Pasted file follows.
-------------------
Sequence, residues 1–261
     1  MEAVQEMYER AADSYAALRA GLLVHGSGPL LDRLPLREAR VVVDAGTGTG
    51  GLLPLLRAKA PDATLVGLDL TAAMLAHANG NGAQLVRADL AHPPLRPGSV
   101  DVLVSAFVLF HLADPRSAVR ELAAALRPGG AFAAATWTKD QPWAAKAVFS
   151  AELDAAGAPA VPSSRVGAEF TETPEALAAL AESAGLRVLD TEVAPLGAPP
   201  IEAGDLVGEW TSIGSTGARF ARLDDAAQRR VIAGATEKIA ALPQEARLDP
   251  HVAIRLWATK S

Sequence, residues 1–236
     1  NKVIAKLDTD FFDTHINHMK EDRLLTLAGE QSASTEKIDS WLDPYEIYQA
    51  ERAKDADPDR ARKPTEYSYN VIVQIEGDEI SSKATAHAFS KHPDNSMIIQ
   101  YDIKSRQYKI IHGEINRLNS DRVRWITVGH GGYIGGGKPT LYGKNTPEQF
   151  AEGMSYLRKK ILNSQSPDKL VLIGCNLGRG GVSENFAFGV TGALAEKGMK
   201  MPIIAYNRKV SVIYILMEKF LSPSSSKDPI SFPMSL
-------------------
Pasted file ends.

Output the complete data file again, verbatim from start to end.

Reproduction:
Sequence, residues 1–261
     1  MEAVQEMYER AADSYAALRA GLLVHGSGPL LDRLPLREAR VVVDAGTGTG
    51  GLLPLLRAKA PDATLVGLDL TAAMLAHANG NGAQLVRADL AHPPLRPGSV
   101  DVLVSAFVLF HLADPRSAVR ELAAALRPGG AFAAATWTKD QPWAAKAVFS
   151  AELDAAGAPA VPSSRVGAEF TETPEALAAL AESAGLRVLD TEVAPLGAPP
   201  IEAGDLVGEW TSIGSTGARF ARLDDAAQRR VIAGATEKIA ALPQEARLDP
   251  HVAIRLWATK S

Sequence, residues 1–236
     1  NKVIAKLDTD FFDTHINHMK EDRLLTLAGE QSASTEKIDS WLDPYEIYQA
    51  ERAKDADPDR ARKPTEYSYN VIVQIEGDEI SSKATAHAFS KHPDNSMIIQ
   101  YDIKSRQYKI IHGEINRLNS DRVRWITVGH GGYIGGGKPT LYGKNTPEQF
   151  AEGMSYLRKK ILNSQSPDKL VLIGCNLGRG GVSENFAFGV TGALAEKGMK
   201  MPIIAYNRKV SVIYILMEKF LSPSSSKDPI SFPMSL